Regular readers will have noticed I’m in a slump. This is because other things have been getting in the way of blogging, and those things include drinking, reading, and crosswords. The drinking thing is something of a pain because I’ve always wanted to believe that writers need to drink to release their inner muse, and that a few shots will result in screeds of witty, pithy, and wildly popular text. Well, that may have worked for Hemingway but I’ve discovered that a few beers will make me so tired that signing my name at the bottom of the bar tab is as pithy as my scribbling gets. There’s little chance of my hammering out the Great American Novel if I continue my almost nightly rounds of toping.
Reading is also a perilous pursuit for anyone who wants to write. That’s simply because it’s a damn sight easier to enjoy other people’s stuff than pen your own. There’s a double tragedy here as well; while you’re reading, you can’t be writing, and if the writing is good, you end up feeling miserable because you realize you’re never going to be that skilled. If you also factor in that when you read a lot, you discover your brilliant ideas for articles, short stories, and novels have already been done. Fifteen years ago I toyed with the idea of writing a novel about Sigmund Freud as a detective. Then Jeb Rubenfeld wrote The Interpretation of Murder in 2006. Bang goes that idea.
The other distraction, crosswords, is an illness I’ve suffered for since I was sixteen and discovered The Guardian cryptic crossword. Since then, I’ve moved to the cryptics in The Independent, The Times, and The Daily Telegraph – which also seems to have paralleled my slow shift from socialism to libertarianism, a not unusual progression with folks as they age. 
Since moving to the US, I found that cryptic crosswords are a peculiarly British phenomenon, with most American preferring what I’d call a “regular” or “quick” crossword, which is basically a vocabulary test. If the answer is zebra, an American clue would be something along the lines of “Striped horse,” whereas a British cryptic clue would be “Frenchman talks about underwear in the zoo.”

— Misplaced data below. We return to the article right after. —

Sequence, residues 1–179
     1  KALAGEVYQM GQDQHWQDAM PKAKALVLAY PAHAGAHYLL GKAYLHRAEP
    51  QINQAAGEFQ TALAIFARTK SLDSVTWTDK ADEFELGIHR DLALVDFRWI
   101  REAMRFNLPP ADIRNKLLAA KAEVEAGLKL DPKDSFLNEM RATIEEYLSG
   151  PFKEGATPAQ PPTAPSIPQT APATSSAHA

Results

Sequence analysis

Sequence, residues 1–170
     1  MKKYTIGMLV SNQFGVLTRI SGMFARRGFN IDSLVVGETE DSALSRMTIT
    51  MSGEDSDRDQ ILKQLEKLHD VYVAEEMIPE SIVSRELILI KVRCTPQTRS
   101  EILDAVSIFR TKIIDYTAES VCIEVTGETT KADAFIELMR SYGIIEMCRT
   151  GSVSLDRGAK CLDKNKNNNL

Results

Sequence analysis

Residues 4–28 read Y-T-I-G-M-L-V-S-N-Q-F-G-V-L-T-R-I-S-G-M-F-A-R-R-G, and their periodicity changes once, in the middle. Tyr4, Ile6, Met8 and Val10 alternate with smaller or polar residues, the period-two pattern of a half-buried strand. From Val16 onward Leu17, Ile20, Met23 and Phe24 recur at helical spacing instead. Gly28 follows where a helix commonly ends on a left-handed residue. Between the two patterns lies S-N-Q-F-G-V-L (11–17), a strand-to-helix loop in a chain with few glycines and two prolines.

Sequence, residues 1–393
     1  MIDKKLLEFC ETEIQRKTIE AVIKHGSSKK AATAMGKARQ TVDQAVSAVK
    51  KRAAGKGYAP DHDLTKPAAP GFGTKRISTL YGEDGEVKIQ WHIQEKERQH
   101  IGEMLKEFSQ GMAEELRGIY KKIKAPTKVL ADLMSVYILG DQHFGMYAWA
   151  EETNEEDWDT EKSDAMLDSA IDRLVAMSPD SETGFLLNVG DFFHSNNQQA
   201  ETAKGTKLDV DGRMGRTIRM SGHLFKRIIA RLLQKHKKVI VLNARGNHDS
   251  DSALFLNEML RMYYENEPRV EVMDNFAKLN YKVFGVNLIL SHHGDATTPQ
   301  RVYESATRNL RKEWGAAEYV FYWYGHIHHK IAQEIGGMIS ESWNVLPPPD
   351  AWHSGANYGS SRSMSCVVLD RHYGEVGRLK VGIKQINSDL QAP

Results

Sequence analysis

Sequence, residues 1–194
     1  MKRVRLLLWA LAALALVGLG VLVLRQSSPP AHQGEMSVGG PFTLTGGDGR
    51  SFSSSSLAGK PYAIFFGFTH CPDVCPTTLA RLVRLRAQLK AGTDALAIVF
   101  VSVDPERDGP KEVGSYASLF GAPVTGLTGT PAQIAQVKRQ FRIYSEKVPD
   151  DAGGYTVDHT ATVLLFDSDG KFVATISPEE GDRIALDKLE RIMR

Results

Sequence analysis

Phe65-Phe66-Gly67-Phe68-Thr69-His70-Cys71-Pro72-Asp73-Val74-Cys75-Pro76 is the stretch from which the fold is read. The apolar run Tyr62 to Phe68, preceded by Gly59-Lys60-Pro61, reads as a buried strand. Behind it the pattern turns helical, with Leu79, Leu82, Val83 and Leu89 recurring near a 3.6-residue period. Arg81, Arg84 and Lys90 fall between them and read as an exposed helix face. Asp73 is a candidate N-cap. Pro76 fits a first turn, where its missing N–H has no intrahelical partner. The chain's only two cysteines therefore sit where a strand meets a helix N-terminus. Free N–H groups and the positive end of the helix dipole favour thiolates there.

Of course, it’s not enough for crossword lovers simply to be called “crossword lovers.” No, they want an actual word that sounds impressive, and can even be an answer to the clue “Lucrative cribs for crossword puzzler!” 
Enter the word cruciverbalist, defined by the Oxford English Dictionary as;
A person who compiles or solves crossword puzzles; a crossword enthusiast.
It is a very recent word, and by “recent” I mean “in my lifetime” or “later than 1960.” In the 1971 summer edition of Crossword magazine, we see the comment;
A succinct word to describe people who regularly attempt to solve crossword puzzles. A number of subscribers, including Jonathan Crowther, one of our crossword contributors, proposed “cruciverbalist,” while several others suggested “cruciverbian.”
There’s a reference to Auberon Waugh, the British writer, using the word “crux-verbalist” in 1939, but this is in Alexander Waugh’s 2004 book, Father’s and Sons, an autobiography of his family, so it could be a confabulation based on a mishearing or misreading of something Auberon did just before the Second World War.